My friend Lauren Feeney has a fascinating interview with Ray Kurzweil, the noted inventor and AI enthusiast best known for his predictions regarding the coming technological Singularity, at PBS.org. Drawing on his “law of accelerating returns,” Kurzweil predicts that revolutionary advances in solar energy, e.g., the doubling of productivity every two years, will allow us to painlessly transition from fossil fuels in twenty years:
Today, solar is still more expensive than fossil fuels, and in most situations it still needs subsidies or special circumstances, but the costs are coming down rapidly — we are only a few years away from parity. And then it’s going to keep coming down, and people will be gravitating towards solar, even if they don’t care at all about the environment, because of the economics.
So right now it’s at half a percent of the world’s energy. People tend to dismiss technologies when they are half a percent of the solution. But doubling every two years means it’s only eight more doublings before it meets a hundred percent of the world’s energy needs. So that’s 16 years. We will increase our use of electricity during that period, so add another couple of doublings: In 20 years we’ll be meeting all of our energy needs with solar, based on this trend which has already been under way for 20 years.
People say we’re running out of energy. That’s only true if we stick with these old 19th century technologies. We are awash in energy from the sunlight.
Lauren pushes back against Kurzweil’s optimism:
Feeney: You talk about what will happen instead of what might happen. But there are so many obstacles to dealing with climate change — political gridlock, consumer apathy. Are you concerned that these things might not happen because of obstacles like these?
Kurzweil: My main thesis, which I call the law of accelerating returns, is not affected by the kind of things you are referring to. The exponential growth of computation is measured in many different ways continued through the entire 20th century, completely unaffected by the little things like World War I and II or the Great Depression. It was not affected at all by the recent economic downturn. This exponential growth of solar energy has continued through thick and thin.
As the cost per watt of solar falls significantly below coal and oil, people are going to go to that for economic reasons. It won’t be a political issue.
My view is that the only way renewables will succeed is if the price really does go below that of coal and oil, as Kurzweil predicts. [I see that I’ve been unclear here. Allow me to elaborate: there are two ways for renewables for the price of renewable energy to become lower than that of coal and oil. The first is for technological advancement of the kind Kurzweil describes to drive down the underlying cost of renewables. The other less sustainable way is to employ subsidies. The rest of my paragraph intended to cast doubt on the viability of the subsidy strategy. I had assumed that this was clear, but it evidently was not.] Subsidizing renewables on a grand scale might make a dent in the affluent countries, but (a) demographic change will put considerable pressure on the public sector and (b) energy use will increase most rapidly in non-affluent countries that are even less likely to subsidize clean energy sources. One could argue that we need large-scale public investment to accelerate the development of breakthrough energy technologies of the kind Kurzweil anticipates, but it does seem as though the kind of technologies Kurzweil has in mind have significant commercial potential, thus suggesting that investors and entrepreneurs have a fairly strong incentives to pursue them even in the absence of large-scale public investment.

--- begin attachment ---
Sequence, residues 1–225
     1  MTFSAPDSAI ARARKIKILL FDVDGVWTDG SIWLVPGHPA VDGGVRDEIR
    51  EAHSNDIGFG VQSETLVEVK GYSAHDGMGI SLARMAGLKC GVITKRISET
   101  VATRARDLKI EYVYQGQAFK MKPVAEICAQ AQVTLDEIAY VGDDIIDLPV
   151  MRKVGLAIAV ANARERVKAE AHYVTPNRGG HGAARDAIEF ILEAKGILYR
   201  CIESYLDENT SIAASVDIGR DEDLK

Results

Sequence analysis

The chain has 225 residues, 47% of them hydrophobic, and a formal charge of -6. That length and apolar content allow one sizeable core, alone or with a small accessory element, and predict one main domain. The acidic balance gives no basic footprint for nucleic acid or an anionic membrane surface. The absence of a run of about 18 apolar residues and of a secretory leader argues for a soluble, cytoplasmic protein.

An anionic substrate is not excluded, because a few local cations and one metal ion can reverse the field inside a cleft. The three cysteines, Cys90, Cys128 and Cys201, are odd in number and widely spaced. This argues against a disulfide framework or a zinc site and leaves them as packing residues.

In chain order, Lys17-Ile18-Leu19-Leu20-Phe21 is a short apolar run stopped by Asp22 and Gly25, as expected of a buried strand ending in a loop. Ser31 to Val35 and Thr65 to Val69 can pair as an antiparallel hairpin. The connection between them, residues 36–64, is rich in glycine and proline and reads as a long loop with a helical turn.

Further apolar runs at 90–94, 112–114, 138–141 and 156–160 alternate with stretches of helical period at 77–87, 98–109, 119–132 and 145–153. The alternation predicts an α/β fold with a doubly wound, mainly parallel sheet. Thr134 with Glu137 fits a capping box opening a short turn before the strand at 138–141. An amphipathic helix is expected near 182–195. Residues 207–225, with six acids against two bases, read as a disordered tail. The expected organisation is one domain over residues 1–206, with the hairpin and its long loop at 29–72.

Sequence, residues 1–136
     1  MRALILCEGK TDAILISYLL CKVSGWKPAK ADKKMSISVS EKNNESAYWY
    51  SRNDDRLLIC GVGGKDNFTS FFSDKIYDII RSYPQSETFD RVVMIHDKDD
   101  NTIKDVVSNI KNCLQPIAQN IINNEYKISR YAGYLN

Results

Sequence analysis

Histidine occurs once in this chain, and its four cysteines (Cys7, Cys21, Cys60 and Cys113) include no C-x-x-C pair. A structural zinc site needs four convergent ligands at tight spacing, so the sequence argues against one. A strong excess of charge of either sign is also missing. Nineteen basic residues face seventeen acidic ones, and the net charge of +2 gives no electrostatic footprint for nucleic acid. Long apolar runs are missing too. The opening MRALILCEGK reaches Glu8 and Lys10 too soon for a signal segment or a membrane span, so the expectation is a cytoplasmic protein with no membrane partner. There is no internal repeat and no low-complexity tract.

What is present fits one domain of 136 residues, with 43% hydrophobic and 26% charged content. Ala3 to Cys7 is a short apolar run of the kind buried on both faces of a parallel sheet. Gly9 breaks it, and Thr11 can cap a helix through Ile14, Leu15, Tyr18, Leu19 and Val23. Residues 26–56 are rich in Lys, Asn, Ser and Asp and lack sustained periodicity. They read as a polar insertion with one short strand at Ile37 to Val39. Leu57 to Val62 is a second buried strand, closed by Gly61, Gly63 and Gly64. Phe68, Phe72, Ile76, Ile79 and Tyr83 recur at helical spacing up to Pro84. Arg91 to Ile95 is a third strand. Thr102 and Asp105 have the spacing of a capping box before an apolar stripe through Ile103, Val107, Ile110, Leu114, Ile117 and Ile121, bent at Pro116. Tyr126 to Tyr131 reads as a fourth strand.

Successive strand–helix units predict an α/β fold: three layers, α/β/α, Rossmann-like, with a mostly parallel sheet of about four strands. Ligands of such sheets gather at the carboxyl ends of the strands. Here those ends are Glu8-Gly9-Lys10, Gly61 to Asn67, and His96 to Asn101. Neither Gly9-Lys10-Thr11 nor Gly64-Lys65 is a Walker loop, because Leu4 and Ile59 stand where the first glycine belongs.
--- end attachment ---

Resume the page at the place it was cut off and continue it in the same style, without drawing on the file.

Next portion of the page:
It should go without saying that Kurzweil’s predictions could prove wildly overoptimistic, as Lauren suggests. But I’m not so sure about Annalee Newitz’s gloss on the same interview:
There’s something deeply weird about comparing iPhone improvements to solar adoption, which isn’t just facing technical barriers but corporate and governmental ones.
Is the government actively working against the adoption of solar energy? As for corporate barriers, I’m not clear on what Newitz is referring to — I assume that many firms would embrace cheaper-than-coal solar energy. She might mean that oil and gas interests are working against large-scale public investments in this field, but that presumably wouldn’t prevent solar-centric start-ups from continuing to make bets on cheaper-than-coal technologies.
I hope that Kurzweil is right. I had the great pleasure of meeting Saul Griffith, the environmentalist and inventor who has pioneered, among other things, high-altitude wind power, and my sense is that he would scoff at Kurzweil’s predictions, seeing them as complete puffery. Many of my green friends are convinced that existing political systems will break under the pressure of the kind of environmental dislocation that is already “baked in the cake,” even in the absence of an increase in emissions. When I broached the subject of air capture technology and its potential uses, one friend laughed, noting the extraordinary energy expenditure required. Joanna Borns wrote the following in Popular Mechanics in 2009:
Skeptics of the technology point to carbon emissions coming from ACCESS and similar devices themselves. Because it uses electricity from the grid to separate gas from the solution, the prototype barely breaks even in CO2savings. Global Research hopes to run future models on solar power, which would take fossil fuels out of the equation. The price of capturing the CO2 is also high, predicted to cost several hundred dollars per ton once commercially developed. “In the long term, the price will come down to $30 per ton,” Lackner says, “but this will not happen overnight.”
Ultracheap solar energy would, of course, solve this problem.